In companies such as Amazon and Google, data analytics is a foundation of the enterprise. However, for most organisations, the use of big data has been limited to a few tests or to narrow slices of the business. According to a recent report from McKinsey, very few have achieved “big impact through big data.”
In sport, things are quite different. You can’t watch any sport (be it football, cricket, basketball, tennis or even snooker) without seeing hundreds of statistics pop up on the screen, being quoted by commentators and rapidly analysed. And that’s just for entertainment.
Behind the scenes, as made famous by films like Moneyball, data is a core component of the team’s dynamic. Collecting and analysing data in the right way can help a team achieve a competitive advantage which is, unsurprisingly, essential in the incredibly competitive world of sport. In professional sport, rather like business, winning is everything.
Data analytics in the world’s biggest sport
Football provides a great example of data being pushed to the limit. In training, in just ten minutes, ten players with three balls can produce over 7m data points.
Being able to rapidly and accurately analyse data can enable managers to understand which combinations and players are yielding the most effective results. Statistics such as total metres run throughout a game; the number of sprints made; passes completed; and tackles made all affect a manager’s decision; influence a player’s salary; and will help inform a successful training strategy. What’s more, data analytics can help corporate sponsors determine which football clubs and players they will back.
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Football is also leading the way in integrating big data analytics to capture more insights and react in real time. For example, FC Bayern Munich uses sensors to map players’ movements, instantly analysing millions of sets of data points to help evaluate patterns of play, and improve performance.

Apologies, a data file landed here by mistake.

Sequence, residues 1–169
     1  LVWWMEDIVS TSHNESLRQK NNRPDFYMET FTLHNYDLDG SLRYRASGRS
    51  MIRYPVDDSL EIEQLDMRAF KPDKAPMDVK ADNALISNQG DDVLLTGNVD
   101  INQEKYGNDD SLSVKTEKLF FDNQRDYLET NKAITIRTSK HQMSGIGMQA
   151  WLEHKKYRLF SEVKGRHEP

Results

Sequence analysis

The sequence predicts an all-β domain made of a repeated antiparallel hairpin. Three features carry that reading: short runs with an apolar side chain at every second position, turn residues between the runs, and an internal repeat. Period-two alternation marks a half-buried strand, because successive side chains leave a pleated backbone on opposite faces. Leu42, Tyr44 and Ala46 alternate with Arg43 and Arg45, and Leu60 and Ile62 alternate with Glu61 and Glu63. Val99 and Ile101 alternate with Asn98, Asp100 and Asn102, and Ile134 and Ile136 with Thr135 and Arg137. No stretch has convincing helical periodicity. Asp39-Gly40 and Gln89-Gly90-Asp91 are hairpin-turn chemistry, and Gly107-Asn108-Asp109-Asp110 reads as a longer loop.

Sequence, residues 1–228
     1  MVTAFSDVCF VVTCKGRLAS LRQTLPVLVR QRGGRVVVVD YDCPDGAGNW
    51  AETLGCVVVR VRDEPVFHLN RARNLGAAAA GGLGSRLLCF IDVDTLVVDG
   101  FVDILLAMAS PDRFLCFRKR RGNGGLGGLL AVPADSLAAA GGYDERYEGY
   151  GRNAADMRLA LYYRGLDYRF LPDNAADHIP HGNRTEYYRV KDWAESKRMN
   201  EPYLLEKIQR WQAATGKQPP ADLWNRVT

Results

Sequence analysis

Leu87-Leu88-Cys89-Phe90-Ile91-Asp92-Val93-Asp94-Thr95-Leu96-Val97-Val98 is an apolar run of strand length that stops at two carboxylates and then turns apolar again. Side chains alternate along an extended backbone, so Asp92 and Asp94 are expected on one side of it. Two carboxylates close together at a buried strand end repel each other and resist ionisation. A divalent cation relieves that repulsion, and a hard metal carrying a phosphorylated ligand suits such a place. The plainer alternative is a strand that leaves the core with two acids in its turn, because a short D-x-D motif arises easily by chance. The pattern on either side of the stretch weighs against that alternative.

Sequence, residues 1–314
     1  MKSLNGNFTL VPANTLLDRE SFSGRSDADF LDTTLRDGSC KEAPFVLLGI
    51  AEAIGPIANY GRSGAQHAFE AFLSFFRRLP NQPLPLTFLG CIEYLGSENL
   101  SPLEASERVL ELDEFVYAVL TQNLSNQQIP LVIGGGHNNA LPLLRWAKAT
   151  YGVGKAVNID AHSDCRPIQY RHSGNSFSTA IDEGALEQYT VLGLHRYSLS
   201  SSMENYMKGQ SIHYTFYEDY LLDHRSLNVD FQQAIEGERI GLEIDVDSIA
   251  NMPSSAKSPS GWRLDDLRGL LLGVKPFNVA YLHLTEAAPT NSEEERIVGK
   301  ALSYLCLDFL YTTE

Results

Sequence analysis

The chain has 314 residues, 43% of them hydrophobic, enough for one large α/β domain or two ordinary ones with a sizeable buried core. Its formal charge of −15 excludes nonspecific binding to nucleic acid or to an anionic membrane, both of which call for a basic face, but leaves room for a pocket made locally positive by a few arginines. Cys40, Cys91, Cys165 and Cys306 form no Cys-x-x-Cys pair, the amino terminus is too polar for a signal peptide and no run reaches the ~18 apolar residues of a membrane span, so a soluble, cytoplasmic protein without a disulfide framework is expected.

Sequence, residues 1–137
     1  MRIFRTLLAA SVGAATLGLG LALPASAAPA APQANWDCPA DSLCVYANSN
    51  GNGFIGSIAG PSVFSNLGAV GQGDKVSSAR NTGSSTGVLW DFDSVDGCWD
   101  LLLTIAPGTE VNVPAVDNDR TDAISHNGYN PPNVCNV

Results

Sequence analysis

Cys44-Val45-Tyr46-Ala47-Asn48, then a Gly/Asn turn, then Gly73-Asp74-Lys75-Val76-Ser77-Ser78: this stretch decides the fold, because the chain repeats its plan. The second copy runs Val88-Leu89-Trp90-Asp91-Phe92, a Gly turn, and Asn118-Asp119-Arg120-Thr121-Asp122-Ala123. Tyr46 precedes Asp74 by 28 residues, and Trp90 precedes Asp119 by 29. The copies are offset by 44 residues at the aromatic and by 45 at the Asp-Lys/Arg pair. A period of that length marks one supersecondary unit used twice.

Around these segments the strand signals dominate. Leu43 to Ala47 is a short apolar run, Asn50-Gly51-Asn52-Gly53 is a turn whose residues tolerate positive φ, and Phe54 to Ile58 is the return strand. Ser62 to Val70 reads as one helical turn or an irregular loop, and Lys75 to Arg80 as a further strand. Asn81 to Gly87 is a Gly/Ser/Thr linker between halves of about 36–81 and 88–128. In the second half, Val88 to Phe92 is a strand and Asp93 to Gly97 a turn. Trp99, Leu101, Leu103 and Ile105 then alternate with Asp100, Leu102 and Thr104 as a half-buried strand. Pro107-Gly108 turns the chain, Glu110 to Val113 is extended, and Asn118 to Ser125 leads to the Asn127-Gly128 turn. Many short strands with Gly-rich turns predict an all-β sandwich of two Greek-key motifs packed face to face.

Data growth has been accelerated through the use of social networks, mobile devices and internet-connected items – an ever-increasing availability of data. By 2020, there will be an estimated 2.5bn connections between people on personal and business social networks worldwide.
Sport organisations have leapt at the opportunities created by advances in big data analytics, network infrastructure, sensors and connectivity technologies. From retail and banking, to manufacturing and sport, organisations that are able to digitise and collect data from devices, equipment, employees and customers will be able to thrive in this new order – the networked economy.
The business of sport has led the way in recognising the need and opportunity to take key learnings from data to improve optimal performance and ultimately deliver results. As we continue to watch games – the Premier League, the World Cup, the Six Nations, the Super Bowl – we should remember to ask ourselves if we’re on the same data playing field as them, or if we’ve still got a way to go.
Darren Roos is COO at SAP EMEA.